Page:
The only really bad thing today was the arrival of a 7 year old female jack Russell who is identified but whose owner doesn’t want her as she was stolen SIX YEARS AGO! I will post pictures of her when I have some, hopefully tomorrow. Some people never give up searching for dogs that they have lost, and others just don’t seem to care. Strange….

Goodbye Dick and Docker, you lucky boys!








Bye-bye Shenzy, I will see you at dog training school, I am sure


Fun fundraiser coming up!

I mentioned that there were several dog-walkers at the SPA yesterday. Well two of them, Karen and John, can be seen in the background of the picture of Ripley. These lovely people have decided to organise a fund-raising event for the SPA, and I attach a photo which tells you all you need to know.
We are always short of funds, as unlike the Paris group of SPAs, which receive lots of money, we are  financiallyindependent. I won’t go too much into the reasons why, but being independent gives us the freedom to choose our own staff and decide what brand of dog and cat food to give our animals. A certain degree of autonomy is a good thing, however it does mean that money is tight. We insist on giving the best vet care possible and injured animals are treated when other refuges would perhaps take the decision to cut their losses and put the dog or cat to sleep.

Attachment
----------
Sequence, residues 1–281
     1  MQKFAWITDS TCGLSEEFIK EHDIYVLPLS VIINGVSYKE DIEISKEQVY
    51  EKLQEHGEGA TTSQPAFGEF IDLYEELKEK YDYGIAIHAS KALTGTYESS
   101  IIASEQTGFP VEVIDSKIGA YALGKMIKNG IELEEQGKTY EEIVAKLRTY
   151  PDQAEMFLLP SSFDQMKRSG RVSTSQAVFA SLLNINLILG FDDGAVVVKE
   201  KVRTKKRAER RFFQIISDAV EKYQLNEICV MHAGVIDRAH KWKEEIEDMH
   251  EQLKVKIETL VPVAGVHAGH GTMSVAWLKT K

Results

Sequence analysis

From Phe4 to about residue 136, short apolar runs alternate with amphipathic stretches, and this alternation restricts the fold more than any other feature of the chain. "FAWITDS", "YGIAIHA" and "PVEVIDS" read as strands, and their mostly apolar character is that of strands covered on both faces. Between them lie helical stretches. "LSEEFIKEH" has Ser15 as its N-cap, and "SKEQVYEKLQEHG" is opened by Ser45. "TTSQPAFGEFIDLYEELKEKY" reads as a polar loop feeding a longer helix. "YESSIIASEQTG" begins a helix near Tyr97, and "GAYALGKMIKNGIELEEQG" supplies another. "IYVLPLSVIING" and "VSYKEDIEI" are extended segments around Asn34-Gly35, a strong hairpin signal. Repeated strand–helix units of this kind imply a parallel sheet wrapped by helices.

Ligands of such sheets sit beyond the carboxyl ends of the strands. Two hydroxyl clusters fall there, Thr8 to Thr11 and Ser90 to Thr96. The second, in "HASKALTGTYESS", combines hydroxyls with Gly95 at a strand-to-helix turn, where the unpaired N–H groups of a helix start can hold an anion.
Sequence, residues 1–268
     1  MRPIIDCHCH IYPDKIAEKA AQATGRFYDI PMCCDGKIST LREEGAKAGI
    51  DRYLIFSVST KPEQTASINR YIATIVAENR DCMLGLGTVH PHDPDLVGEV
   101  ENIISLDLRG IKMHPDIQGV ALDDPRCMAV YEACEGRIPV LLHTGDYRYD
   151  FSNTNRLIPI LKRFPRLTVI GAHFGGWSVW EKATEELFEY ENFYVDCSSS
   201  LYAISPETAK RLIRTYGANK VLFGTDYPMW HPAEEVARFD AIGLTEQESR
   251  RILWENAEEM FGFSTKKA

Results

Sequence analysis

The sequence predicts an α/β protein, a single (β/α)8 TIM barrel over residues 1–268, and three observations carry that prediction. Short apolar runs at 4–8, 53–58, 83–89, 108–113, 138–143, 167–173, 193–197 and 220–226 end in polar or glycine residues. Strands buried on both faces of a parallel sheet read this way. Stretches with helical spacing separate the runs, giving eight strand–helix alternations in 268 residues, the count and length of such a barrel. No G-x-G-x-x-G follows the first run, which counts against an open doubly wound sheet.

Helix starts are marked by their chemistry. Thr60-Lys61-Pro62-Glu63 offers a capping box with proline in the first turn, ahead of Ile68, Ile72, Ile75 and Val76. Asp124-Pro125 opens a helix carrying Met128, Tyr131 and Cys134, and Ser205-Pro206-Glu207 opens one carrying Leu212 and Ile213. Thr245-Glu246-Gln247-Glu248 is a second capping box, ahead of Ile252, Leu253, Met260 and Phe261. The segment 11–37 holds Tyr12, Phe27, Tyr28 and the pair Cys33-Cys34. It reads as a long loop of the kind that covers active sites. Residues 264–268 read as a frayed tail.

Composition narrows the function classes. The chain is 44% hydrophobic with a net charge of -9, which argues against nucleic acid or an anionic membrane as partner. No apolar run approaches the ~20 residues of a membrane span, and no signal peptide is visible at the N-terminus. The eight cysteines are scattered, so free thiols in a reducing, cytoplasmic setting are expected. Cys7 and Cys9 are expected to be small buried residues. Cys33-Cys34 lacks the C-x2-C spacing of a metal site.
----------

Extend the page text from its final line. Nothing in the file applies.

So thank you so much to Karen and John. The evening is guaranteed to be fun; this is not the first time they have run an event like this. The food will be excellent and there will be a mixture of French and English, so it will be an great opportunity to meet new people. Maybe it will inspire you to join the ever-growing team of SPA volunteers. Numbers at the event are limited to 70, so don’t delay! Karen’s contact details are on the poster.

In other SPA news, I have been on tenterhooks all day wondering how Ripley was doing, and I was delighted to receive a message via the Facebook page to tell us that she has been welcomed into her new home by her two new doggy pals and is already settling in nicely. I am so pleased for her. Lovely girl and clever enough to know when she is well off! Thanks again to her new family, and who knows, I might just pop in one day to say hello! You’d better search the boot of my car when I leave, though!